We've all heard about Lye or No-lye relaxers and how one is better than the other. I will explain how these two affect your hair.

Before I go any further, I will like to define pH.
In Chemistry, pH (potential of hydrogen) is a numeric scale that runs from 0 to 14. 0 been the most acidic and 14 been the most basic of an aqueous solution. 7 is neutral.

About Lye Relaxers

The active ingredient in a lye-based relaxer is sodium hydroxide (NaOH). The pH level is higher in a lye relaxer than a no-lye relaxer. The pH is 12-14 for lye, 9-11 for no-lye. Your hair have a pH of around 4-5. Does this higher pH make a lye relaxer worse for your hair?

A lye relaxer works to break down the hair's bonds more quickly, which is good because you often experience more scalp irritation with this chemical; the faster it works, the sooner you can rinse it out. However, these tend to rinse cleanly and quickly with a good neutralizing shampoo follow-up.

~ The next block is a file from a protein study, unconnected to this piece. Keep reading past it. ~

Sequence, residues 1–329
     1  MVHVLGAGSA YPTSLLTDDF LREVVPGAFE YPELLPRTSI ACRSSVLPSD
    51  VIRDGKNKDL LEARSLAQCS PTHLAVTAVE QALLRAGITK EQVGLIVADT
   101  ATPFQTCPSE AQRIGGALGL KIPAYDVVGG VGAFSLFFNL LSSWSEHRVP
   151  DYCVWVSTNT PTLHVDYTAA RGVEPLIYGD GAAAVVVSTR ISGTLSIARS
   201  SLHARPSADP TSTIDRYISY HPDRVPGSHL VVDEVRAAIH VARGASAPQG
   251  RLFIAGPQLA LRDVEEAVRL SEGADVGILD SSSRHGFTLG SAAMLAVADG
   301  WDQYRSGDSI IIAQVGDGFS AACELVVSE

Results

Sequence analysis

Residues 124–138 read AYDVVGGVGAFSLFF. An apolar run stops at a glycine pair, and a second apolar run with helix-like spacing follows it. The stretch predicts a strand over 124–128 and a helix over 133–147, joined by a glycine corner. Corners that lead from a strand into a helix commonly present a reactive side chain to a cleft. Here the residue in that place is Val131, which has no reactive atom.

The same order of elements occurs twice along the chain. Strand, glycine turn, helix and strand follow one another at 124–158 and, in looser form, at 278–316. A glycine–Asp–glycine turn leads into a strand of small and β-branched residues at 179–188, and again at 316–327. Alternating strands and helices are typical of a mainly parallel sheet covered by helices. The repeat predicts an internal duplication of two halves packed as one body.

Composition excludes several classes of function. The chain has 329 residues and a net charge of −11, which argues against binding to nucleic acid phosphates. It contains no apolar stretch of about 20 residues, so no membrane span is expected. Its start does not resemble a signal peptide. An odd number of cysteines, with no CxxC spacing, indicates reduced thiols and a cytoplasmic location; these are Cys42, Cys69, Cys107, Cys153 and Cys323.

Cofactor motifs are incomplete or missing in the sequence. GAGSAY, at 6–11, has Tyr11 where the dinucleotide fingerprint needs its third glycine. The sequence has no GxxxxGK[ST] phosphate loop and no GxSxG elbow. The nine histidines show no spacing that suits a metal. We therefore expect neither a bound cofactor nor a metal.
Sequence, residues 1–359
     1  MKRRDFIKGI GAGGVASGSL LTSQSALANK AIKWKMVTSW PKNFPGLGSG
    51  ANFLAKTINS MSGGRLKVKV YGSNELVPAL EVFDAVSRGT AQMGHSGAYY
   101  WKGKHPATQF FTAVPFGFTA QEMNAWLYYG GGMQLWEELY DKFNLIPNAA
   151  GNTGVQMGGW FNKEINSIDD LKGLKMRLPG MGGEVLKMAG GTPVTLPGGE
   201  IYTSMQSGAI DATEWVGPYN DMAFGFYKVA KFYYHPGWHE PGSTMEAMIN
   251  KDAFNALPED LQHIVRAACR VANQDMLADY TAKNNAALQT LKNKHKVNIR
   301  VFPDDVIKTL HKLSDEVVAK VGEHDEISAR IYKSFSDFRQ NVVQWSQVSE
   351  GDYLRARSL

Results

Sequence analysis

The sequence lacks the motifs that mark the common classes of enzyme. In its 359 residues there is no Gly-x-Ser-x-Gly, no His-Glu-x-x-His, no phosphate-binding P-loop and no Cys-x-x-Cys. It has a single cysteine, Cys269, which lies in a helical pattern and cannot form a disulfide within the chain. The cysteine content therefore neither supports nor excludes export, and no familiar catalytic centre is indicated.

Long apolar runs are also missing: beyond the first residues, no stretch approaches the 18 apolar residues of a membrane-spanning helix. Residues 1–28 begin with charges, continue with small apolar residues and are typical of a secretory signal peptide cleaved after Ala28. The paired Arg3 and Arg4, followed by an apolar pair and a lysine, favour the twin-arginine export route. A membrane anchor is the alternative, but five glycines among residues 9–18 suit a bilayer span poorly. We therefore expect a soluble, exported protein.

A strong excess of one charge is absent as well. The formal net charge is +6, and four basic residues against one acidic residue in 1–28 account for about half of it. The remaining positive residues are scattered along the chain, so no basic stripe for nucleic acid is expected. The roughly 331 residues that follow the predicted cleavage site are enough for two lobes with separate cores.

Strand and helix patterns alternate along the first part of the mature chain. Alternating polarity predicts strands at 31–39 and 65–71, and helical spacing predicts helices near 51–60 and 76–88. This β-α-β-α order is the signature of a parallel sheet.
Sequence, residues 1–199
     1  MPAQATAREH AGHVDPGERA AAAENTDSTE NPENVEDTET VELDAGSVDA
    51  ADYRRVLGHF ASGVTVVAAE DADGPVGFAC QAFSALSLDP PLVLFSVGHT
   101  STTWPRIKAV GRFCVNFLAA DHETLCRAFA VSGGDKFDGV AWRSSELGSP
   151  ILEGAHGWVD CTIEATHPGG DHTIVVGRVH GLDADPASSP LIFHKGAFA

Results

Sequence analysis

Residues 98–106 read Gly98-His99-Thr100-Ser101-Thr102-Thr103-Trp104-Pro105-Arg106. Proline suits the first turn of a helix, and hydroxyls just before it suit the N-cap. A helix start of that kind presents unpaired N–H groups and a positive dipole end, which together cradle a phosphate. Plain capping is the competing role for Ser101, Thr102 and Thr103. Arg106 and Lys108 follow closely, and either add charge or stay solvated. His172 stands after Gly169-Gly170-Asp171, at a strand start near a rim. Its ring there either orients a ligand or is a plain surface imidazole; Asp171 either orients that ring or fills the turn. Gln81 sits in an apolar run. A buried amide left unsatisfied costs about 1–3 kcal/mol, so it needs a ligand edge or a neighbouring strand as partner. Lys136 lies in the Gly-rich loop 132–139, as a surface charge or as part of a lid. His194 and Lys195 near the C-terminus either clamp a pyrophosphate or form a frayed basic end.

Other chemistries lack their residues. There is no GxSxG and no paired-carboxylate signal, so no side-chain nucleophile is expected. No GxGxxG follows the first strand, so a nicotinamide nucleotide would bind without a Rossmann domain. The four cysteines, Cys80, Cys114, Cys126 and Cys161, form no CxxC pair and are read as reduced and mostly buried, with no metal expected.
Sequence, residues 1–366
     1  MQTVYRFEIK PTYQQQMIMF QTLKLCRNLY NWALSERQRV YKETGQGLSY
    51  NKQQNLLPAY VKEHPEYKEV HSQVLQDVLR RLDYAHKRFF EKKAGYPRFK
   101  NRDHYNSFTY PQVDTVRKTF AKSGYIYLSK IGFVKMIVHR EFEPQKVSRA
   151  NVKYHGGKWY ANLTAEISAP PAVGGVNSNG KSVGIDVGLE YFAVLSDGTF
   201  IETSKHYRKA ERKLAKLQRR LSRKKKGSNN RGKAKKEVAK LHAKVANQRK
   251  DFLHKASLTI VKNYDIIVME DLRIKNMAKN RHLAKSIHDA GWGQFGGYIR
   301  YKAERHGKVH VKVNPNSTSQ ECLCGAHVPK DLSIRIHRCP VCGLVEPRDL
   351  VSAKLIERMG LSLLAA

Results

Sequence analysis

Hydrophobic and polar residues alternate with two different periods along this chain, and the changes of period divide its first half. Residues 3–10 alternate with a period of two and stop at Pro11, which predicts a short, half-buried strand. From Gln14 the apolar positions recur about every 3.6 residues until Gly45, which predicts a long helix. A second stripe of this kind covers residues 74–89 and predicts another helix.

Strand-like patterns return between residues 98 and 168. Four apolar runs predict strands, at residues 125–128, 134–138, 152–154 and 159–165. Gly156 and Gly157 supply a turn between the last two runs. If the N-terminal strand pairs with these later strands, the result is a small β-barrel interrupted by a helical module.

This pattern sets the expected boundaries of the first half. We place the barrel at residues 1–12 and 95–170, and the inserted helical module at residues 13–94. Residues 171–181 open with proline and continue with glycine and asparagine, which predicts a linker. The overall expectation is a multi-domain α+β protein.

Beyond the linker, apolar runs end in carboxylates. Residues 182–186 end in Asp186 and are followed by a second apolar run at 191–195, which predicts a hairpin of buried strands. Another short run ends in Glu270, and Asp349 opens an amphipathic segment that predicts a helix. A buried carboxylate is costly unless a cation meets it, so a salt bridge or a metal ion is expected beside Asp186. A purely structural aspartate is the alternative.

No-Lye Relaxers.

The active ingredient in a no-lye based relaxer is calcium hydroxide (CaOH) or guanidine hydroxide. 
Although the pH level of a no-lye relaxer is typically lower than a lye-based one, no-lye relaxers are often associated with dryer hair due to potential calcium buildup.

One of the major reasons someone may prefer a no-lye relaxer is if her scalp is sensitive, as the chemicals in this type of relaxer can be milder on the scalp. This doesn't mean that it's better to use on children or that the chemicals cannot burn you (they can).

Unfortunately, people sometimes make the mistake of leaving a no-lye relaxer on the hair for too long, leading to dry, dull hair due to over-processing.

To remove calcium buildup, try a clarifying shampoo once a month or so to remove dulling deposits. Since clarifying cleansers are often drying, a deep conditioning treatment should be a regular part of your hair care routine.

While clarifying and deep conditioning are important for keeping no-lye relaxer-treated hair in good shape, deep conditioning is also necessary for lye relaxer-treated tresses.

The bottom line is that all relaxers contain chemicals that break down the hair's natural bonds in order to straighten it and that one relaxer doesn't fit everyone's needs. It's best to consult with a professional to determine what your particular needs are when it comes to relaxers.